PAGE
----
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J Gene Med. 2006 Jul;8(7):910-8.

In vivo electroporation and ubiquitin promoter--a protocol for sustained gene expression in the lung.

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  • 1Division of General Thoracic Surgery, University Hospital Bern, Bern, Switzerland.

Abstract

BACKGROUND:

Gene therapy applications require safe and efficient methods for gene transfer. Present methods are restricted by low efficiency and short duration of transgene expression. In vivo electroporation, a physical method of gene transfer, has evolved as an efficient method in recent years. We present a protocol involving electroporation combined with a long-acting promoter system for gene transfer to the lung.

METHODS:

The study was designed to evaluate electroporation-mediated gene transfer to the lung and to analyze a promoter system that allows prolonged transgene expression. A volume of 250 microl of purified plasmid DNA suspended in water was instilled into the left lung of anesthetized rats, followed by left thoracotomy and electroporation of the exposed left lung. Plasmids pCiKlux and pUblux expressing luciferase under the control of the cytomegalovirus immediate-early promoter/enhancer (CMV-IEPE) or human polyubiquitin c (Ubc) promoter were used. Electroporation conditions were optimized with four pulses (200 V/cm, 20 ms at 1 Hz) using flat plate electrodes. The animals were sacrificed at different time points up to day 40, after gene transfer. Gene expression was detected and quantified by bioluminescent reporter imaging (BLI) and relative light units per milligram of protein (RLU/mg) was measured by luminometer for p.Pyralis luciferase and immunohistochemistry, using an anti-luciferase antibody.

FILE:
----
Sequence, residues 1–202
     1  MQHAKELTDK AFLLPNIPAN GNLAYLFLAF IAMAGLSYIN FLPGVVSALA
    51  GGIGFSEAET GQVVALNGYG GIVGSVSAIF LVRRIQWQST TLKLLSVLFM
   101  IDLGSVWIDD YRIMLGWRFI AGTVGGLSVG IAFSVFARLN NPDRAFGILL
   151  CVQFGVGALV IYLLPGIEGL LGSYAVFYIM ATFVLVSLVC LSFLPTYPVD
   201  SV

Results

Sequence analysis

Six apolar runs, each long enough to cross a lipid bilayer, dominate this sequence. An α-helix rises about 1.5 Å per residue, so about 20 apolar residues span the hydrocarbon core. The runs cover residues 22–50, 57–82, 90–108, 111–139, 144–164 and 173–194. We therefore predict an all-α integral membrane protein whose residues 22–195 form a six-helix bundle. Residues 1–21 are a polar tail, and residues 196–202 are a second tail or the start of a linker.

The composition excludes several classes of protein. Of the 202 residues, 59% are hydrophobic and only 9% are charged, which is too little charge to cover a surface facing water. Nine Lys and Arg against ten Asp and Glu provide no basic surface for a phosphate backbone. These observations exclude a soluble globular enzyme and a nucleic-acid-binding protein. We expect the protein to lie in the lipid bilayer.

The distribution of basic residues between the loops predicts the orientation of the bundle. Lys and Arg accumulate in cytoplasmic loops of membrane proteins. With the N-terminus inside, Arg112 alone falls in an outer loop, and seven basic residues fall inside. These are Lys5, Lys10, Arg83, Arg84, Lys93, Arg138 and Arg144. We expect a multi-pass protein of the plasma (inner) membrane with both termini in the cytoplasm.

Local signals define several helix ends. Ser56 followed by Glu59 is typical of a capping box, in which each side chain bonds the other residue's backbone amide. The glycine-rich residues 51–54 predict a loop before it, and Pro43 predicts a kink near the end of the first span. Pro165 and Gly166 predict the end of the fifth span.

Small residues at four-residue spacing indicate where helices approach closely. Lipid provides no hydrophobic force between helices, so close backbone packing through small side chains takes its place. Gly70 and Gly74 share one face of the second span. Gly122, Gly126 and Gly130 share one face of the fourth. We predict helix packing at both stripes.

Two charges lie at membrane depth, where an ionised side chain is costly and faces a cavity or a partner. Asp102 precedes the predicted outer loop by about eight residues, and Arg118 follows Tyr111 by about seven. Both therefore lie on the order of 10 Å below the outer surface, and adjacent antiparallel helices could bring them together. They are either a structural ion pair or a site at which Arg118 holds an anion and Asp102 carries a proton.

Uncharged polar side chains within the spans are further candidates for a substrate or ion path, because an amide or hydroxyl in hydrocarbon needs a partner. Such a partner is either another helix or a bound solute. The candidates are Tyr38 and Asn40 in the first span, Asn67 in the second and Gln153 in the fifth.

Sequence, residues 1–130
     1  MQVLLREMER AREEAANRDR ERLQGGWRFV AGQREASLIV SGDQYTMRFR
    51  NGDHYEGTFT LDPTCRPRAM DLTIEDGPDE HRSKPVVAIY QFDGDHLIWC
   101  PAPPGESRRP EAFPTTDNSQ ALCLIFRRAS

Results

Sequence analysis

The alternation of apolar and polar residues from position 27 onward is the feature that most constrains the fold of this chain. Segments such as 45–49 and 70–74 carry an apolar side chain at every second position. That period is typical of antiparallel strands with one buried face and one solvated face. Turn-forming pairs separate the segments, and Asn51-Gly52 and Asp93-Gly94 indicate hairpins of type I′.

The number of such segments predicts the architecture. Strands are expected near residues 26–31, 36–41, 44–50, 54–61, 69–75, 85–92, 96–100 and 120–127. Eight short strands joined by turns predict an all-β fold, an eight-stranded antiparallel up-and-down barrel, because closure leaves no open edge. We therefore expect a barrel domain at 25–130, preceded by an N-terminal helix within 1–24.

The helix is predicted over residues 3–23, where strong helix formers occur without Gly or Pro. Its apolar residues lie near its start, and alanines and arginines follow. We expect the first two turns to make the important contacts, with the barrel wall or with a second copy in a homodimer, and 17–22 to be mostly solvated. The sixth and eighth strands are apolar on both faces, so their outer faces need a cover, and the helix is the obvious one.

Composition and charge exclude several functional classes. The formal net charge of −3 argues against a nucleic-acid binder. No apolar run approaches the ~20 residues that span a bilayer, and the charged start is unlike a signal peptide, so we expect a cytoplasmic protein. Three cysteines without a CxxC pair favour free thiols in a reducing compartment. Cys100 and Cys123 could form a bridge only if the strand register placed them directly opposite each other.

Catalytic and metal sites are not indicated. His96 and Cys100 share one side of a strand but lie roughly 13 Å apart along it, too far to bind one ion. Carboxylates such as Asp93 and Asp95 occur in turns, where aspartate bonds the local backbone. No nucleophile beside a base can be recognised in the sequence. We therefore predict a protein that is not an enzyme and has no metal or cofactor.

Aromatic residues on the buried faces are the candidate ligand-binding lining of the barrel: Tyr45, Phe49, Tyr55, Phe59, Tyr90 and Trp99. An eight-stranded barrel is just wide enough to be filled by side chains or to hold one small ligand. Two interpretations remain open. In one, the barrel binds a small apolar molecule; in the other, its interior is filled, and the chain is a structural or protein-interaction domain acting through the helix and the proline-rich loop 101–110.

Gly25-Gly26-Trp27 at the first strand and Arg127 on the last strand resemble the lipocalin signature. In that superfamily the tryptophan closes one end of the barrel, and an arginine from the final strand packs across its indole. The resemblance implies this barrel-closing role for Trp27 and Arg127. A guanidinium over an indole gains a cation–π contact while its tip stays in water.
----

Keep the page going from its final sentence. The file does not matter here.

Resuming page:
RESULTS:

Gene expression with the CMV-IEPE promoter was highest 24 h after gene transfer (2932+/-249.4 relative light units (RLU)/mg of total lung protein) and returned to baseline by day 3 (382+/-318 RLU/mg of total lung protein); at day 5 no expression was detected, whereas gene expression under the Ubc promoter was detected up to day 40 (1989+/-710 RLU/mg of total lung protein) with a peak at day 20 (2821+/-2092 RLU/mg of total lung protein). Arterial blood gas (PaO2), histological assessment and cytokine measurements showed no significant toxicity neither at day 1 nor at day 40.

CONCLUSIONS:

These results provide evidence that in vivo electroporation is a safe and effective tool for non-viral gene delivery to the lungs. If this method is used in combination with a long-acting promoter system, sustained transgene expression can be achieved.

Copyright (c) 2006 John Wiley & Sons, Ltd.

PMID:
16685743
[PubMed - indexed for MEDLINE]
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